The Mill Towns State Trail will also pass through this intersection along Jefferson Parkway. While many riders and walkers on this leg will be able to cross at times which are not during the concentrated school times, the DNR recommendation for trails crossing roadways with these speeds would be a grade separated crossing which, again, is typically perceived as safer and easier for recreational users.
The implied demotion of people walking and biking by forcing them under the cars has not entered Northfield’s discussion; rather giving walkers and riders their very own space is seen as increasing the importance of active transportation. A small bonus for both perspectives: the intersection is already somewhat elevated, so underpass grades will be quite flat rather than descending sharply.
It’s a state highway
The current 4-way stop doesn’t work well for any mode of travel, but when choosing another intersection control the City was limited by MnDOT requirements for its highway. The intersection does not meet MnDOT warrants for a traffic signal (traffic projections forecast warrants would be met by 2040) for one thing, and MnDOT’s emphasis on traffic flow and Level of Service prioritized easy driving…so, a roundabout was the choice. There is discussion of turning back this route to the county and/or city, but that possible future development will come too late for this project.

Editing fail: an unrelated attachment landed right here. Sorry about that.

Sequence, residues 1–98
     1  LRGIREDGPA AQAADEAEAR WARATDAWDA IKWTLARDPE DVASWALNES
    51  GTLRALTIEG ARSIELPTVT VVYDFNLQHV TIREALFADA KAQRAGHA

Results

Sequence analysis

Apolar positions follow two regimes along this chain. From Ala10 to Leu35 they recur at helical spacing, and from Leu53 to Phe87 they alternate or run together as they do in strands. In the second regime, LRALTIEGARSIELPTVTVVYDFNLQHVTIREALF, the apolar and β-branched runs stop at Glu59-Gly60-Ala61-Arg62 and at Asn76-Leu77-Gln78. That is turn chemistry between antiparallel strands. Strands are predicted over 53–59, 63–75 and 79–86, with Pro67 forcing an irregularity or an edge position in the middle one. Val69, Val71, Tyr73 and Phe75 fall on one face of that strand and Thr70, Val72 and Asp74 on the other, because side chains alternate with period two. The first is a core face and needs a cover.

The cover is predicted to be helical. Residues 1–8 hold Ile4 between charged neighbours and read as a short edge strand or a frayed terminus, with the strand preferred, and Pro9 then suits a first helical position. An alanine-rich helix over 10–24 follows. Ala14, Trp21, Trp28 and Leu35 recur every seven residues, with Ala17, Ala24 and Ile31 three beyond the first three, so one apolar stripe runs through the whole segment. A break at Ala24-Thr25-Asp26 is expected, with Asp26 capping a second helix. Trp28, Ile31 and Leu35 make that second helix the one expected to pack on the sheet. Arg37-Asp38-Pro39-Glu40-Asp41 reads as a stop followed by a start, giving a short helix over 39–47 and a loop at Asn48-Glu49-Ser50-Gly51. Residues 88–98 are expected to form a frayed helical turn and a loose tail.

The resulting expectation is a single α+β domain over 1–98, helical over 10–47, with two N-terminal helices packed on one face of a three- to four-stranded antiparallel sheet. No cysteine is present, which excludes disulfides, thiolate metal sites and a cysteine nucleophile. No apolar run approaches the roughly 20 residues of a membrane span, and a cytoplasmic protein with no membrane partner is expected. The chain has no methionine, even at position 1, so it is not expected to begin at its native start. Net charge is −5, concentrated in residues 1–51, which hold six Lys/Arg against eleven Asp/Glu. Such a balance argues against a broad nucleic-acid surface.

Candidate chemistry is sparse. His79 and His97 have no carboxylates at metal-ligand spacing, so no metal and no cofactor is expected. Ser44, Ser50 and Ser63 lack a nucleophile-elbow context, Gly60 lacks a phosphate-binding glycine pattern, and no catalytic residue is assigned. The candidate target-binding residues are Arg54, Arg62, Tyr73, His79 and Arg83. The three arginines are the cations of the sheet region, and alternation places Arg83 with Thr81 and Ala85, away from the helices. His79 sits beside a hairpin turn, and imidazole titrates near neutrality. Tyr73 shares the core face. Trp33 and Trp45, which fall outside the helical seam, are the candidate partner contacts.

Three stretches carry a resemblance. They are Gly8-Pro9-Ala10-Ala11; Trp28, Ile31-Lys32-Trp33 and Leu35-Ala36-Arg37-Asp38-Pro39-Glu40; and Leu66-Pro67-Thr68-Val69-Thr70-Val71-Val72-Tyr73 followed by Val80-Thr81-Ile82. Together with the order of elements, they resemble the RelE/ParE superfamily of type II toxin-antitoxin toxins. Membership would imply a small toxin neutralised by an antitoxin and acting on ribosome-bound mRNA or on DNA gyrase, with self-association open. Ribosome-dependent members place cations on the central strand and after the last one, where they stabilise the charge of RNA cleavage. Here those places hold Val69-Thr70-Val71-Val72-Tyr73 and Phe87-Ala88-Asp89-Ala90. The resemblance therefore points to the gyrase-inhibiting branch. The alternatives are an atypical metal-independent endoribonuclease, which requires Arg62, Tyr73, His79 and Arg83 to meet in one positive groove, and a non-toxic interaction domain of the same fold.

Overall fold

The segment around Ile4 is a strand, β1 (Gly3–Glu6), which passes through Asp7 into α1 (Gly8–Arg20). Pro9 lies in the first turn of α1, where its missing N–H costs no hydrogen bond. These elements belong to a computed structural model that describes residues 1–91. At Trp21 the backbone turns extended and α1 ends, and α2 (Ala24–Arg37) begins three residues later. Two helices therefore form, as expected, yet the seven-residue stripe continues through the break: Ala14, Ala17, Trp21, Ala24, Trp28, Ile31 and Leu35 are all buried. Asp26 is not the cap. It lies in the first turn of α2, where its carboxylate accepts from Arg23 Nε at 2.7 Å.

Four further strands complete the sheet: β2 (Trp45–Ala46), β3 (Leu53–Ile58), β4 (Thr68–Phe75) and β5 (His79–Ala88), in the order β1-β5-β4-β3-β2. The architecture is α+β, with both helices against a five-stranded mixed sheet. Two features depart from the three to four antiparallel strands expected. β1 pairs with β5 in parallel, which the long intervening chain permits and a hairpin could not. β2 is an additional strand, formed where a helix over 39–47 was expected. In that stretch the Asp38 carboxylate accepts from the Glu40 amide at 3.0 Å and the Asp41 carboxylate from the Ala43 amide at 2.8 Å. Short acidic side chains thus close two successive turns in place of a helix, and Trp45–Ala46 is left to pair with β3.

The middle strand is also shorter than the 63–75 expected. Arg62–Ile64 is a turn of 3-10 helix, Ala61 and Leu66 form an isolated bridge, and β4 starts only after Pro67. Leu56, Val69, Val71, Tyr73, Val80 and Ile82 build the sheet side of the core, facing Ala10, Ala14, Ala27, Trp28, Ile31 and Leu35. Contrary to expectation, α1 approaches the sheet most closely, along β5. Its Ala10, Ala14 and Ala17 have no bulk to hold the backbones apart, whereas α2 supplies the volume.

The highway has a posted speed limit of 45 mph in front of the middle school as vehicles slow down from the 55 (or maybe 60 as speed limits were raised recently) out of town section:
Building schools on state highways is a bad idea, but Northfield did it anyway. Three times. So, the school district buses kids across the street to the Middle School because it is a hazardous crossing and the traffic accelerates out of town right about at the Middle School. Slowing traffic should happen well south of the roundabout and maybe, if this becomes a county of city route, there will be more opportunity to do that. But, again, too late for this project.
Back to the roundabout
Given the facts of this intersection, what should Northfield do right now to improve safety (actual and perceived), fix school traffic jams and encourage small people, older people and recreational trail users to walk and bike through this intersection?
Note the Catch-22: If Northfield could increase the number of students getting to school under their own power that would reduce rush minute congestion created by adults chauffeuring kids to school…and if it reduced demand during peak times then the over-engineered roundabout would not be needed. But how could Northfield increase walking and biking through an intersection where people die?